Under IFRS 15, the amount of revenue recognised on construction contracts with significant advance payment terms is likely to be higher than the agreed contract price. The advanced payment from the customer represents a borrowing cost, which has effectively been netted off the amount received from the customer. Revenue recognised under IFRS 15 would effectively be ‘grossed up’ by the amount of interest expense (the amount ‘borrowed’ from the customer to fund construction).

It is likely that the borrowing cost would qualify for capitalisation if the asset under construction is a qualifying asset under AASB 123 Borrowing Costs.

Practical examples

Example 1 

1 June 2018

  • Builder Co enters into a contract to refurbish an old building and install a lift for $5,000,000
  • Refurbishment work is to be completed by 30 June 2019. If the refurbishment is not completed on time there will be a $100,000 penalty for each week that Builder Co is late
  • Builder Co estimates total costs for the project to be $4,000,000
    • Lift cost: $1,500,000
    • Other refurbishment costs, including installation costs of the lift (‘refurbishment costs’):  $2,500,000.
Based on the facts above and details of progress below, how should Builder Co recognise revenue and profit at 30 June 2018, 31 December 2018, 30 June 2019, 31 December 2019 and 30 June 2020?
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Example 2

1 June 2018

  • Builder Co enters into a contract to refurbish an old building.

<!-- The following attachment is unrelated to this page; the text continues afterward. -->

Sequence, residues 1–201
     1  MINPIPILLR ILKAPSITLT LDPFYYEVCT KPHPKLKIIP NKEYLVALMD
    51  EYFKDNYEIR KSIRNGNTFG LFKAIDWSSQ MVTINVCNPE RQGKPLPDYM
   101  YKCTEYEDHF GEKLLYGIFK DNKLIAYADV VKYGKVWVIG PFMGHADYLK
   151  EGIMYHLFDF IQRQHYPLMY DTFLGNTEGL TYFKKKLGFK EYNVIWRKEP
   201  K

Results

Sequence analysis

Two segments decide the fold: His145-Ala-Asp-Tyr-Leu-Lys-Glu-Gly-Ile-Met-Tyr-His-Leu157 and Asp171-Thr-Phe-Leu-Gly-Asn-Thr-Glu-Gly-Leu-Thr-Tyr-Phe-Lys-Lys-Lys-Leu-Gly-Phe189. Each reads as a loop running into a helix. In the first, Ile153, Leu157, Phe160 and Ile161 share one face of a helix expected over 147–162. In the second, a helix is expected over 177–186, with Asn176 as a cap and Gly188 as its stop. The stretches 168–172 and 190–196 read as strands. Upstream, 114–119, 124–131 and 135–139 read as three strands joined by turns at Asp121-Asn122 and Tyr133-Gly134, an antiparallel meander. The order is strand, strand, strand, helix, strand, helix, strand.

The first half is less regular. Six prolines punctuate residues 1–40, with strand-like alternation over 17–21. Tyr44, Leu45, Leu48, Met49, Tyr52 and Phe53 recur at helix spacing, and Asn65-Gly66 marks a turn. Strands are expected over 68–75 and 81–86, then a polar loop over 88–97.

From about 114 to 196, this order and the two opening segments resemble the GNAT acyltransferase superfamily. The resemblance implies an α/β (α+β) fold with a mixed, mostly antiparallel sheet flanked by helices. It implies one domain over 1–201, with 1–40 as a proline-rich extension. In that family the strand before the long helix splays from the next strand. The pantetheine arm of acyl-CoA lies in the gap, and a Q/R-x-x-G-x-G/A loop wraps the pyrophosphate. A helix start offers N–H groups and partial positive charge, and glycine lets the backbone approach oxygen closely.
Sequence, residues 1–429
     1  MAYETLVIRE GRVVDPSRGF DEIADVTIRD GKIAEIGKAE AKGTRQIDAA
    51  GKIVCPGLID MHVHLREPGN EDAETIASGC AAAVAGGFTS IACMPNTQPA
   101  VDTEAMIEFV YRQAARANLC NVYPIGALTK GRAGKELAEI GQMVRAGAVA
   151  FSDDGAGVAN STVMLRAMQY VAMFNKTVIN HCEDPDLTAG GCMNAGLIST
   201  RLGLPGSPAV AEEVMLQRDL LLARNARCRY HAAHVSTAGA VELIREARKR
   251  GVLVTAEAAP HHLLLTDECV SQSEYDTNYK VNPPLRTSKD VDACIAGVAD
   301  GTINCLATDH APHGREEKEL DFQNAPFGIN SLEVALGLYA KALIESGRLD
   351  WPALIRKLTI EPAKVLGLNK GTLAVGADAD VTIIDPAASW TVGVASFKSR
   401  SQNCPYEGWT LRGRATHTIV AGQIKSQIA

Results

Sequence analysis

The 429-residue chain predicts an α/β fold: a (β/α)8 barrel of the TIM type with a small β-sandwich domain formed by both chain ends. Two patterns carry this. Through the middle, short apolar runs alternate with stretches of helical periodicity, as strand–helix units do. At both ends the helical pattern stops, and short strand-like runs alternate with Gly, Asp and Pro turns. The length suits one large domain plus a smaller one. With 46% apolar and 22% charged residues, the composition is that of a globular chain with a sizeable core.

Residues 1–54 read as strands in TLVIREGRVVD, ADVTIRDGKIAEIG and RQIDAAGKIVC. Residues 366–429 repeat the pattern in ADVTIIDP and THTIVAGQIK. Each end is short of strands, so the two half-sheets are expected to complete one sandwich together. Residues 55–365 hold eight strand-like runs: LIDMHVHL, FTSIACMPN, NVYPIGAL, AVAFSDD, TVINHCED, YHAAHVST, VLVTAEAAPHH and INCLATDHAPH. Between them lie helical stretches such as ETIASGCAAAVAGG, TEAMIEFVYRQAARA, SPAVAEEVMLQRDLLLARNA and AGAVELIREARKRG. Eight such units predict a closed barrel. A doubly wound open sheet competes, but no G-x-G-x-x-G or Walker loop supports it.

• Builder Co charges the customer a mobilisation fee of $200,000 to set up site security, and bring in equipment and facilities such as a port-a-cabin and a port-a-loo for the construction workers.
  • The mobilisation cost to Builder Co is $150,000.
How should Builder Co recognise the mobilisation fee and the associated costs?
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Example 3

1 January 2018

  • Construction Co enters into two contracts, one to design, and the other to build a factory. 
  Fee Cost

Design

$1,000,000

$500,000

Construction

$2,000,000

$1,500,000

Total

$3,000,000

$2,000,000

The design stage is completed by 30 June 2018 and the construction of the factory is completed by 30 June 2019.

How should Construction Co recognise revenue at 30 June 2018 and 2019?
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Practical implications

The impacts of IFRS 15 are not only the significant changes in the patterns of revenue and profit recognition as the above examples have shown. Systems and processes will also have to change to deduct the costs of significant equipment/material and mobilisation costs in calculating percentage of progress to date. Entities in the construction industry will also need to think about how to account for penalties and performance bonus payments in construction contracts, as well as its policy and processes for estimating the expected or most likely value, and revising the estimate at each reporting date.